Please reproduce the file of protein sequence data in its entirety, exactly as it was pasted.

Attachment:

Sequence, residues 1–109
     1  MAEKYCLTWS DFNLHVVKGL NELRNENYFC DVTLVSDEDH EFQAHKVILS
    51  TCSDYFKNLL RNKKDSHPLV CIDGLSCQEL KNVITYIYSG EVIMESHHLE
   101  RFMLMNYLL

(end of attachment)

Sequence, residues 1–109
     1  MAEKYCLTWS DFNLHVVKGL NELRNENYFC DVTLVSDEDH EFQAHKVILS
    51  TCSDYFKNLL RNKKDSHPLV CIDGLSCQEL KNVITYIYSG EVIMESHHLE
   101  RFMLMNYLL